Am Fam Physician. 2004 Oct 15;70(8):1551-1556.
Clinical Question: Does a diet that restricts food coloring and preservatives improve hyperactive behavior in three-year-old children?
Setting: Outpatient (primary care)
Study Design: Crossover trial (randomized)
Synopsis: The authors evaluated the effects of a restricted diet on 397 three-year-old children who were classified as hyperactive/atopic, hyperactive/nonatopic, nonhyperactive/atopic, or nonhyperactive/nonatopic. The study was split into two one-week treatment periods, separated by one-week washout periods. The children were to remain on a diet free of artificial coloring and benzoate preservatives for the entire four weeks.
During the first week, the children were assigned randomly to receive a daily drink free of artificial coloring and sodium benzoate or an artificially colored and preserved drink identical in appearance. The children were switched to the opposite drink during the second treatment period. Adults were unable to distinguish the taste of these beverages, and the families and study personnel were blinded to the specific treatment assignments.
Only 70 percent of the enrolled patients finished the study, 61 patients never started the study, and 59 patients dropped out. Fifteen of the 59 parents who withdrew their children from the study did so because of behavior changes. Nine of the withdrawals occurred during an active week and six during a placebo week. At the end of the study, the parents were divided equally into those who did and those who did not correctly identify the order of the drinks. Based on the parents’ ratings, their children were calmer during the week when no artificial coloring and preservatives were given. The trained observers, however, detected no significant differences during any of the treatment periods.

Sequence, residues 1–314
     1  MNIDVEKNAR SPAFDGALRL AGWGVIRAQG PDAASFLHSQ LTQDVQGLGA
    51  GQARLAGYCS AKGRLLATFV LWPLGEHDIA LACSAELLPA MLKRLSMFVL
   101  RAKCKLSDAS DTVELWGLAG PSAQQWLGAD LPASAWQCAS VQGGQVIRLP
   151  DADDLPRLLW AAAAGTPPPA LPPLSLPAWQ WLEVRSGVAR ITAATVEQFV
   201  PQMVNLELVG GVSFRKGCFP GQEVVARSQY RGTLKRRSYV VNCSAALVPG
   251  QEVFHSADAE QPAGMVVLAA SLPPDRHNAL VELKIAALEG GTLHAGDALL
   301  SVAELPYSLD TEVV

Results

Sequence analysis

Bottom Line: Placing three-year-old children on a diet that restricts food coloring and preservatives has no effect on hyperactive behavior, as observed by trained evaluators. However, the parents who live with these children for the remaining 23 hours of the day report improvements in hyperactivity. The results were the same whether the children were hyperactive or atopic. (Level of Evidence: 2b)
Bateman B, et al. The effects of a double blind, placebo controlled, artificial food colourings and benzoate preservative challenge on hyperactivity in a general population sample of preschool children. Arch Dis Child. June 2004;89:506–11.
Used with permission from Barry H. Restricted diet improves parental perception of hyperactive behavior. Accessed online July 27, 2004, at: http://www.InfoPOEMs.com.
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